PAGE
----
African Court on Human and Peoples' Rights

The African Court on Human and Peoples' Rights, also known simply as the African Court,[1] is an international court established by member states of the African Union (AU) to implement provisions of the African Charter on Human and Peoples' Rights (also known as the Banjul Charter). Seated in Arusha, Tanzania, it is considered the judicial arm of the AU, and is one of only three regional human rights courts (together with the European Court of Human Rights and the Inter-American Court of Human Rights).[2]

The African Court was created pursuant to a protocol to the Banjul Charter adopted in 1998 in Burkina Faso by the Organization of African Unity (OAU), the predecessor of the AU. The protocol came into force on 25 January 2004, following ratification by more than 15 countries. The court's first judges were elected in 2006 and it issued its first judgment in 2009.[3]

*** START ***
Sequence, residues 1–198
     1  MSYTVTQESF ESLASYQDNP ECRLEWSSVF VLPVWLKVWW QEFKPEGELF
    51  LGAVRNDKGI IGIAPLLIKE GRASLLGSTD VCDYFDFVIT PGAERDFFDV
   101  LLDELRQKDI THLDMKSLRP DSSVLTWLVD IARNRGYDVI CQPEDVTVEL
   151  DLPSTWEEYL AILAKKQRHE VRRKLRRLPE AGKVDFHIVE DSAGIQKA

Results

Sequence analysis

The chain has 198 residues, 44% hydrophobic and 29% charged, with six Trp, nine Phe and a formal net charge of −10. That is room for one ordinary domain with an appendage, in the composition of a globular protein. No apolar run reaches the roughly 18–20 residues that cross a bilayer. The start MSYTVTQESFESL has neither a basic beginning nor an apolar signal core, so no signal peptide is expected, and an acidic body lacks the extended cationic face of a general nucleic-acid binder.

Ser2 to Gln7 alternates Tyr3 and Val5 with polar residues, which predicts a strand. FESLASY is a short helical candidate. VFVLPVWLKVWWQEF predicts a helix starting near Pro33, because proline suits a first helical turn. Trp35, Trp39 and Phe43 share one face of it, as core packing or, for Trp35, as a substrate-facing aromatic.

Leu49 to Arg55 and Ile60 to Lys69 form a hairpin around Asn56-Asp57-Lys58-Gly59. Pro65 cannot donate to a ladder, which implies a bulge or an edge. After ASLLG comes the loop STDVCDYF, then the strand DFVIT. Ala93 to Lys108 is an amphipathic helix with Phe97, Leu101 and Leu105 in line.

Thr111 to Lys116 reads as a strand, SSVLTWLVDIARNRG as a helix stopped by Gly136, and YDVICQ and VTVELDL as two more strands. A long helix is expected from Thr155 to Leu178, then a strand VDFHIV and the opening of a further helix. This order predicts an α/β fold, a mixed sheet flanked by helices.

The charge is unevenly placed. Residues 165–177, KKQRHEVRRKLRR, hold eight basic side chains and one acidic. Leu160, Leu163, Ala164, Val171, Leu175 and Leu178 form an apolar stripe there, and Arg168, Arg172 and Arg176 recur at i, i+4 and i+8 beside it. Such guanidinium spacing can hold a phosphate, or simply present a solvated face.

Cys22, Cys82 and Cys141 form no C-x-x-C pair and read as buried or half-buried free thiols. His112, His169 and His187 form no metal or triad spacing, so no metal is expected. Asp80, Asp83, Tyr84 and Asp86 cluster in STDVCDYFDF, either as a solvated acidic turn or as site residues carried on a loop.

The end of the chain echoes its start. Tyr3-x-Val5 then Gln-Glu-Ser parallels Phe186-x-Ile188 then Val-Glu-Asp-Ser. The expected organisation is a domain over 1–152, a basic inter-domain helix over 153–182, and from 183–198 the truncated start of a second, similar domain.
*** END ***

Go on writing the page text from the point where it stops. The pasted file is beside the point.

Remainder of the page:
The African Court's mandate is to complement and reinforce the functions of the African Commission on Human and Peoples' Rights, a quasi-judicial body that monitors implementation of the charter and recommends cases to the court.[4] It has jurisdiction over all cases and disputes submitted to it concerning the interpretation and application of the Banjul Charter, the protocol to the charter, and any other human applicable human rights instrument. The court can issue advisory opinions on legal matters and adjudicate contentious cases.

The court is composed of eleven judges nominated by member states of the AU and elected by the latter's Assembly of Heads of State and Government. Judges serve six-year terms and may only be re-elected once. The president of the court resides and works full-time in Arusha, while the other ten judges work on a part-time basis. Registry, managerial, and administrative functions are executed by a registrar.

Thirty-one African countries have ratified the protocol establishing the African Court, of which only nine have made a special declaration allowing individuals and NGOs to submit cases directly to the court: Burkina Faso, Ghana, Malawi, Mali, Rwanda, Tanzania, Republic of Côte d'Ivoire, Tunisia, and the Gambia;[5] otherwise, cases must be submitted to the African Commission, which then determines whether to refer it to the court.

As of September 2021, the African Court has delivered 259 decisions, including 131 judgments and 128 orders, and has 217 pending cases.[6]